Sixty years ago, when messenger RNA (mRNA) was first discovered, it was understood to be a way of transmitting genetic information between DNA and ribosomes. After several key additional discoveries, RNA is now accepted as the key molecules linking nearly all biological pathways.
In 2017, surgeon Vinod Balachandran discovered T-cells in a tiny number of pancreatic cancer survivors’ blood which had developed the ability to identify, remember and fight back against proteins in the deadly tumours. After beginning research alongside the biotechnology company BioNTech and progressing to clinical trials testing mRNA vaccines in pancreatic cancer sufferers. Despite its progress, this work soon pivoted focus towards a much-needed coronavirus vaccination.
mRNA vaccines can protect against infectious diseases by teaching our cells how to make a protein, or a piece of a protein, that triggers an immune response inside our bodies. Now most well-known for its industry-defining role in the Pfizer-BioNTech and Moderna COVID-19 vaccinations, the success of these vaccinations has opened a world of opportunity for the treatment of other incurable diseases, including HIV and cancer.
Despite years of trials and research, until the rapid COVID-19 vaccine approval most mRNA-based products struggled to gain approval. Alongside BioNTech, other biotech giants such as Moderna and AstraZeneca are also studying the development of personalised cancer vaccines using mRNA. This progress could revolutionise cancer treatment, however the process still requires creation of individual vaccines tailored to specific cancers. As multiple patients with the same cancers do not necessarily have identical tumours, vaccines may even require development on a personal level to be fully effective.
It’s amazing to see how these breakthroughs have affected the wider market. The effect of huge companies exploring the possibility of cancer vaccinations using mRNA offers opportunities for up-and-coming biotech companies to gain real exposure too.
Companies like ExonanoRNA are developing RNA nanotechnology-based therapeutics for treating late-stage oncology diseases, mapped to join the market as soon as 2025. Through developing RNA Nanoparticles in a modular fashion, this method makes it easier to switch out specific modules and incorporate custom modalities. Allowing treatments to be tailored to the specific needs of the patient.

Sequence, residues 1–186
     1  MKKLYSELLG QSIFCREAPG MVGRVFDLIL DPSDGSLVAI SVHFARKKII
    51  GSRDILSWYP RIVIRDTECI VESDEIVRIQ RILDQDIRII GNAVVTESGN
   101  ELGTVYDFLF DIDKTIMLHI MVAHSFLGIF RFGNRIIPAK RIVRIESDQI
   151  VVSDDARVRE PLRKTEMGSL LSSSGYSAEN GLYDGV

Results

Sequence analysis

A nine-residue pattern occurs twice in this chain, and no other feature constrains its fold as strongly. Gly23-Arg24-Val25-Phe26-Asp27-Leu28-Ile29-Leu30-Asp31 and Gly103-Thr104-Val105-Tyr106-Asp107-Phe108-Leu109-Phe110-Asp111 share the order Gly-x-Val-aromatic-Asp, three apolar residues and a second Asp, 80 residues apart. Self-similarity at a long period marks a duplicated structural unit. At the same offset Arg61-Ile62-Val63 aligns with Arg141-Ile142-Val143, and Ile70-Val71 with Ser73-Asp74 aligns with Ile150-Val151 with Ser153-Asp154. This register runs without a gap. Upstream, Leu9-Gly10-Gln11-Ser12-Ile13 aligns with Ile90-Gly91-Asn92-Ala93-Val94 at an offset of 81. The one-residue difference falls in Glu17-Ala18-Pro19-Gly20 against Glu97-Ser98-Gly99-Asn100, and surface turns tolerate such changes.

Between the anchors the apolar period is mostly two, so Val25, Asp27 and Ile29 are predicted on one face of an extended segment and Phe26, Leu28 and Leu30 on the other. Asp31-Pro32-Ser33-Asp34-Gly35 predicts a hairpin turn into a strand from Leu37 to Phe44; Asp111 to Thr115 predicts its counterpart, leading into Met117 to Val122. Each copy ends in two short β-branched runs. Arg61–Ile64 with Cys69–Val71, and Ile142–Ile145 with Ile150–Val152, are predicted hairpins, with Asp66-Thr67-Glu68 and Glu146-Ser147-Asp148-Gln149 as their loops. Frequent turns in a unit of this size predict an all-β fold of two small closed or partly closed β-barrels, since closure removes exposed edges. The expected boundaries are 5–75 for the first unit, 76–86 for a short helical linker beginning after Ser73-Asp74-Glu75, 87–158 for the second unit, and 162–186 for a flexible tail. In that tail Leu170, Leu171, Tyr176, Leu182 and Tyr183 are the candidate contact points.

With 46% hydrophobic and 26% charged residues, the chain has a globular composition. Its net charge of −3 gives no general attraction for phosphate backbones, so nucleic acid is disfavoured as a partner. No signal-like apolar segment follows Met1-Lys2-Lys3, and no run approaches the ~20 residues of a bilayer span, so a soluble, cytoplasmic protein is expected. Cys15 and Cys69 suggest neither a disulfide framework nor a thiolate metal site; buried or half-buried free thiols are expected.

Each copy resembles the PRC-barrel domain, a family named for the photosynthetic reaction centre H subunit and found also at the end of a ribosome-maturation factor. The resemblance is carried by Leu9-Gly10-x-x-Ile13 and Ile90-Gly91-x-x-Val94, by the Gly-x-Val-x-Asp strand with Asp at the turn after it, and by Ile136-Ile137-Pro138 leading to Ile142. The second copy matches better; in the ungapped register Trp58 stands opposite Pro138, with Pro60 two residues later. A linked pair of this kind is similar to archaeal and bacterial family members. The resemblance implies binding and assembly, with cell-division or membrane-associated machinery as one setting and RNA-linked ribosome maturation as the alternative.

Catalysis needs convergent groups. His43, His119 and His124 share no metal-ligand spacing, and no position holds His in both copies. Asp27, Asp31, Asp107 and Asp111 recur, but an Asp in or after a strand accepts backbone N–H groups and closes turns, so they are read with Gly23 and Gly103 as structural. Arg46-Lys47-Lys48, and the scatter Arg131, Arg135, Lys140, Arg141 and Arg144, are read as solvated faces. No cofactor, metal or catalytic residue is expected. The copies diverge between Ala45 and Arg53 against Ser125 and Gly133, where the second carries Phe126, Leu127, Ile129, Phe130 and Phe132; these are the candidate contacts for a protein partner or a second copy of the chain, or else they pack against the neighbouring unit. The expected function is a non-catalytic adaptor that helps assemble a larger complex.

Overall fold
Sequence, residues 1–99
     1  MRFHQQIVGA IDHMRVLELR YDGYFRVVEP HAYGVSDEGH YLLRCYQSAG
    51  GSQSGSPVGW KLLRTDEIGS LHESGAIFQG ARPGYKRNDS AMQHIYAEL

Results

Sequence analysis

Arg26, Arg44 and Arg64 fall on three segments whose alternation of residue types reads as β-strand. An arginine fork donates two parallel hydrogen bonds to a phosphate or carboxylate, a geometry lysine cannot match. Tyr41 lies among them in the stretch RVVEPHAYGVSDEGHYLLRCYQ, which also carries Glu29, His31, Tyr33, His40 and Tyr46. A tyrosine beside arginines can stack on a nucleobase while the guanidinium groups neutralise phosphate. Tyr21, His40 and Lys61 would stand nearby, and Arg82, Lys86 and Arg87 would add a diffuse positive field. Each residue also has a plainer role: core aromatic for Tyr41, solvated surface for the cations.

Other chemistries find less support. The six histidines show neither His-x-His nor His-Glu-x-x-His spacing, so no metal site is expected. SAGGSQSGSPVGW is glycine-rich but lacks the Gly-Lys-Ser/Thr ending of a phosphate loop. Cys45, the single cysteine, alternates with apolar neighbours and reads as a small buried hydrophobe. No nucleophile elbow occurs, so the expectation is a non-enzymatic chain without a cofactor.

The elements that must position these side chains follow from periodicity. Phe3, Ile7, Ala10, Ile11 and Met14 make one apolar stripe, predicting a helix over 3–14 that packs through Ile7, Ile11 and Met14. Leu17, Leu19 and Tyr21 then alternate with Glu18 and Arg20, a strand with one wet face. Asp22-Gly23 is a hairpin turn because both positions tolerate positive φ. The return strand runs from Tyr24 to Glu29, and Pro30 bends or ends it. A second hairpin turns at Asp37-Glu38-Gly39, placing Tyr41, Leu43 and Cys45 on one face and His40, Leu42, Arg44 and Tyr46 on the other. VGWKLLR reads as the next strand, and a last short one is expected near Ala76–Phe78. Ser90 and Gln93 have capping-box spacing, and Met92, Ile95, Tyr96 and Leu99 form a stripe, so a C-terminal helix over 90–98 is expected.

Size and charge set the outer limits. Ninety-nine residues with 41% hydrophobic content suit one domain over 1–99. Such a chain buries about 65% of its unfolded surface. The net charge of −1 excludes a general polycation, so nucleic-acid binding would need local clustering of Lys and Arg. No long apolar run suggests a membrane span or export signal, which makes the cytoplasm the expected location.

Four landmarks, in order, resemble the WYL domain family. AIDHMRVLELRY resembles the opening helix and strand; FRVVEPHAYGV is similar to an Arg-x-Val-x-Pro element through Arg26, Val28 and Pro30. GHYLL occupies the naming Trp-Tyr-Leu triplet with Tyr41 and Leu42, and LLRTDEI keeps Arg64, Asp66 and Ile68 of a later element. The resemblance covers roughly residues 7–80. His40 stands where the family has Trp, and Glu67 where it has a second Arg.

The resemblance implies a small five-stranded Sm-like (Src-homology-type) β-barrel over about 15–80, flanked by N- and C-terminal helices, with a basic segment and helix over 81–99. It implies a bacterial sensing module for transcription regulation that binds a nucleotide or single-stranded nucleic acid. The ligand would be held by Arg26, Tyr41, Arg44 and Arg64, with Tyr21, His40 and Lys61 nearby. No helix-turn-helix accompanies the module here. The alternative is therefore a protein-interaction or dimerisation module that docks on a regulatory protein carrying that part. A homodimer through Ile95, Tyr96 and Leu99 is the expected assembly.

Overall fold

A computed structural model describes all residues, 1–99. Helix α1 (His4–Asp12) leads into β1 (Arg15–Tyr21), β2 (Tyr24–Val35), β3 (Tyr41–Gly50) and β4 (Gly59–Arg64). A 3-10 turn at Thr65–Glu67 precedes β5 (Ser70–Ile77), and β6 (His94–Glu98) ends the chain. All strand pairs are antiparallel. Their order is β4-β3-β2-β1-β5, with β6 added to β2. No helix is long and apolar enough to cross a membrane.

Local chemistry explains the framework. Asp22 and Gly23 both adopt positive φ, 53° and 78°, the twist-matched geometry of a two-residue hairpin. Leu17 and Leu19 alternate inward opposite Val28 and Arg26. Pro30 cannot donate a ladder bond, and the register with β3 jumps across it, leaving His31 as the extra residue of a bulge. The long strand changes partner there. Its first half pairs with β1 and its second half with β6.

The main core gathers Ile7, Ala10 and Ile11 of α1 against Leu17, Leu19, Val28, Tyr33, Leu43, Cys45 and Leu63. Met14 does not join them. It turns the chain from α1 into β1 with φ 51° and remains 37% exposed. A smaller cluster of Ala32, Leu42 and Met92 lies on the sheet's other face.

Skyhawk have its SkySTAR* (Skyhawk Small molecule Therapeutics for Alternative modulation of RNA) platform, which integrates information from computational, kinetic, and structural models of RNA to generate a unique formula for each target treatment. Its cancer target is currently in the pre-clinical stage, but with $133 Million secured in funding in September 2021 this looks to progress quickly in the coming year.
Bill Haney, co-founder and CEO of Skyhawk Therapeutics, said:
This investment round strengthens Skyhawk's capacity to advance our internal pipeline of drug candidates deep into the clinic.
Accent Therapeutics is also at the forefront of discovery in this space after being named one of ‘The Fierce 15’ biotech companies in 2020. Praised for championing innovation and creativity in the face of fierce competition, its cellular control mechanisms determine which RNA transcripts are translated into cell proteins and when. This new area of biology, collectively referred to as RNA-modifying proteins (RMPs), changes the chemical composition of RNA molecules to alter function or stability. Although the team at Accent is still working towards understanding the roles of RMPs in oncogenesis, a recent review highlighted a small sampling of RMPs and their reactions associated with human cancers as successful.
Rgenta Therapeutics is developing orally administered medicines, opposed to vaccinations. These small-molecule RNA-targeting treatments are initially focussed on oncology disorders. Rgenta’s patented platform mines masses of genomics data to identify targetable RNA processing events. It uses this to design small-molecule glues to modulate the interactions among the regulatory proteins and RNAs. This data-driven discovery platform accounts for cell type-specific target regulation, predicting the biological consequences of its use.
NextRNA is another company aiming to revolutionise treatment of ‘undruggable’ diseases such as cancer, this time using its platform to target the specific disease-causing non-coding RNA (ncNRA). Next is accelerating the development of therapeutics by specifically identifying proteins responsible for the ncRNA function and targeting these to disrupt further disease progression.Finally, Strand Therapeutics is planned to proceed with clinical trials in 2022. Its mRNA constructs use synthetic biology and mRNA therapeutics to combine genes for self-replication. Derived from RNA viruses genetically programmed to control location, timing, and intensity of therapeutic proteins within the patient’s body. This enables the precise and controlled delivery of multiple disease treatments in one single drug.
The novel coronavirus pandemic might have been the largest, most unpredictable human trial for RNA vaccinations in existence. Thanks to the fast forward in approvals required for its rollout, the future of oncology has changed for good. After huge companies like BioNTech started testing the waters, the innovative start-ups I’ve mentioned have made industry-defining moves to progress a vast range of RNA focussed oncology medicines. I’m really interested to see how these moves affect the future market and to understand if it’s truly possible to ‘drug the undruggable’.
I’d love to hear your thoughts on this, if you’d like to discuss it in any more depth then feel free to drop me a note at firstname.lastname@example.org or check out my other articles, here.
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